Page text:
Median arcuate ligament syndrome
Reports calcification from x-ray, ? abdominal aortic aneurysm.
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Contrast enhanced arterial phase CT scan of upper abdomen demonstrate
- Relatively high origin of the celiac artery which is narrowed just distal to the ostium by the median arcuate ligament of diaphragm.
- The superior and inferior pancreaticoduodenal arteries are quite prominent and tortuous suggesting collateral circulation between SMA and celiac axis circulation, and show heavy atherosclerotic disease, which is disproportionately severe when compared with aorta and its other branches.
- A saccular aneurysm with calcified walls measuring approximately 20 x 20mm arising from the inferior pancreaticoduodenal artery.
- Heavy atherosclerotic calcifications in the splenic artery and in pancreaticoduodenal arteries. No splenic artery aneurysm is seen. secondary to celiac artery narrowing. , measuring 20 x 20 mm.
- Incidentally, a Bosniak class 2 lesion, bordering class 3.
2 case question available
Anatomically, the appearance in this study is consistent with celiac artery compression by medial arcuate ligament due to its high origin. However, the abnormality was detected incidentally, while investigating calcifications observed on xray. Patient did not have any specific symptoms of "upper abdominal angina", apparently due to excellent collaterals between superior mesenteric and coelaic axis circulation via pancreaticoduodenal collaterals. However, this high volume collateral flow has resulted results in atherosclerotic disease of the pancreaticuduodenal arteries, which is disproportionate to the atheroslerotic disease in aorta and its other branches, and an aneurysm of the inferior pancreaticoduodenal artery, which is otherwise an uncommon location of such aneurysms.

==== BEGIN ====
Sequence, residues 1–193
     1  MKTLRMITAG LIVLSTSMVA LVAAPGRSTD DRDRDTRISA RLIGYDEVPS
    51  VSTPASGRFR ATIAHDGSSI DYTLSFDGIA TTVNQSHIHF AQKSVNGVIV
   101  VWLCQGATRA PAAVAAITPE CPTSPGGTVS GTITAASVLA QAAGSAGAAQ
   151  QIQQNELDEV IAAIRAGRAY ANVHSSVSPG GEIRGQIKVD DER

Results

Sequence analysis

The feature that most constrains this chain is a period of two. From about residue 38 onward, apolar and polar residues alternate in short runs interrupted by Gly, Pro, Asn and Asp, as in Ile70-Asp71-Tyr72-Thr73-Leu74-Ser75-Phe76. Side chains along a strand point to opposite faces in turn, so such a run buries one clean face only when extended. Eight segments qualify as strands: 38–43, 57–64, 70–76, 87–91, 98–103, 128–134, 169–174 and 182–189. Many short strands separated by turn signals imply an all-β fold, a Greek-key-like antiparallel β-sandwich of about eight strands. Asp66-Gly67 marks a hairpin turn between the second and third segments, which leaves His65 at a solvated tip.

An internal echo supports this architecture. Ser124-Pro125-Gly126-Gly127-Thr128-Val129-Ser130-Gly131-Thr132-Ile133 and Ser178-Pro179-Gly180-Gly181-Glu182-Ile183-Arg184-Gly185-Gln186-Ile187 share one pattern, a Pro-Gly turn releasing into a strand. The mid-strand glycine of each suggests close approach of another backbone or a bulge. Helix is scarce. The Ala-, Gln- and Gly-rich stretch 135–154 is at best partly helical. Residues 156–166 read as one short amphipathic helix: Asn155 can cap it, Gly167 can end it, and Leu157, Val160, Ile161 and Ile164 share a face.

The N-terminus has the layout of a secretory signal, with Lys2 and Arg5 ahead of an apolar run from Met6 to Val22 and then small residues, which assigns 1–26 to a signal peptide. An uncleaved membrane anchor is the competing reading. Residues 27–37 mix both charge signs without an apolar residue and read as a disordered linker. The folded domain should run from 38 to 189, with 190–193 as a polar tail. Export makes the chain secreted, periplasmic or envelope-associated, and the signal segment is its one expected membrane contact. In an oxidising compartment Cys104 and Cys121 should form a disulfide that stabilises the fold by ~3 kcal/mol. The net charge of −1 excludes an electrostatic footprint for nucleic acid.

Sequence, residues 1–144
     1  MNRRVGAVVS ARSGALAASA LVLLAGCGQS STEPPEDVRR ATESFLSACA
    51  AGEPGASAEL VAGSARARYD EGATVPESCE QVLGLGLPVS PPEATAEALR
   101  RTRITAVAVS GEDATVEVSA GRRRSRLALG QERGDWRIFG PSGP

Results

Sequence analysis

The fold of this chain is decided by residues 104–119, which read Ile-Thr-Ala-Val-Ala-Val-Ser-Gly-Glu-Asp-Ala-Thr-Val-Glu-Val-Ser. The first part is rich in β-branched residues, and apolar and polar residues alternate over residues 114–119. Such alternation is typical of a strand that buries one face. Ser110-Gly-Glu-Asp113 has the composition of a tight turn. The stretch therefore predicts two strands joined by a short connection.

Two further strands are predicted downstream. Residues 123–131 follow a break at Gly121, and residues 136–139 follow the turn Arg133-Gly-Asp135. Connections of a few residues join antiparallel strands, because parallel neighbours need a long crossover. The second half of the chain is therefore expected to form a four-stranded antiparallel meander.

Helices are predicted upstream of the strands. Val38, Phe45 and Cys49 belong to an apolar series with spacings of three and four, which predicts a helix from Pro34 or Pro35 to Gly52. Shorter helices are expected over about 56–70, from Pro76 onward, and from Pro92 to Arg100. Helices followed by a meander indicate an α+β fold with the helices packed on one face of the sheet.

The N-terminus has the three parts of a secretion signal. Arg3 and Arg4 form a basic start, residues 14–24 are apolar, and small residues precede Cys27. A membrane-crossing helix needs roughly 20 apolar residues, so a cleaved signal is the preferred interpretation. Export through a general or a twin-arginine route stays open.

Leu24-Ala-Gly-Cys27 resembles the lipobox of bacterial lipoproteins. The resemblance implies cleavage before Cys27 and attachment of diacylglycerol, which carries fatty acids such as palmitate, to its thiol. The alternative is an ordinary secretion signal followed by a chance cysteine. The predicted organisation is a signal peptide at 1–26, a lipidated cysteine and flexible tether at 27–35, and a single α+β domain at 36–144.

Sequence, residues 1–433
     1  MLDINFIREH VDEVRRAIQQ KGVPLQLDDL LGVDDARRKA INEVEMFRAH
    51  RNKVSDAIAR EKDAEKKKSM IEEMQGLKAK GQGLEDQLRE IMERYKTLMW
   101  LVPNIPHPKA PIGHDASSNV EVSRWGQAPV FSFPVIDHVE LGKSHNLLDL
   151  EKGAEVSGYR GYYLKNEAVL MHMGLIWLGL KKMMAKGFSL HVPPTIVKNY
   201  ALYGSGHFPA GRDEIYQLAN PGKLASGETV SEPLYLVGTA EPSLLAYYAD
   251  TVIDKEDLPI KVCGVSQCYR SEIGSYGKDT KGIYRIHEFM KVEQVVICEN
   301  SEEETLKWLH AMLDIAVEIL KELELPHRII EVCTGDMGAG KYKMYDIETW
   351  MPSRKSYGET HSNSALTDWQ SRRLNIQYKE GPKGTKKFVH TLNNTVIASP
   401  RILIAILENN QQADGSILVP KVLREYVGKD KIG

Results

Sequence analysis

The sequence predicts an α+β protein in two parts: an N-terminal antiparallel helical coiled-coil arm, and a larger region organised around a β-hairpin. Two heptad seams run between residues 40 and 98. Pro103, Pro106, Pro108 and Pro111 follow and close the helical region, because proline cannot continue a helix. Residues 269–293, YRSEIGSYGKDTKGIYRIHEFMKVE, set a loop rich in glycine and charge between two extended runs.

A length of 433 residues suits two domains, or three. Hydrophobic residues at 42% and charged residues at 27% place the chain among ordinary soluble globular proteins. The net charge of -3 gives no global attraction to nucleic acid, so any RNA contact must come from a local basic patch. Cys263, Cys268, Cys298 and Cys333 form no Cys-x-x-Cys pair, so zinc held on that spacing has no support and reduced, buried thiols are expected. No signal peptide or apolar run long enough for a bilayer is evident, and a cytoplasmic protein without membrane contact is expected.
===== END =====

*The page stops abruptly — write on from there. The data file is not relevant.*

The symptoms in this patient did not warrant a surgical treatment, but the patient was referred to a vascular surgeon regarding his aneurysm.
- Horton KM, Talamini MA, Fishman EK. Median arcuate ligament syndrome: evaluation with CT angiography. Radiographics. 25 (5): 1177-82. doi:10.1148/rg.255055001 - Pubmed citation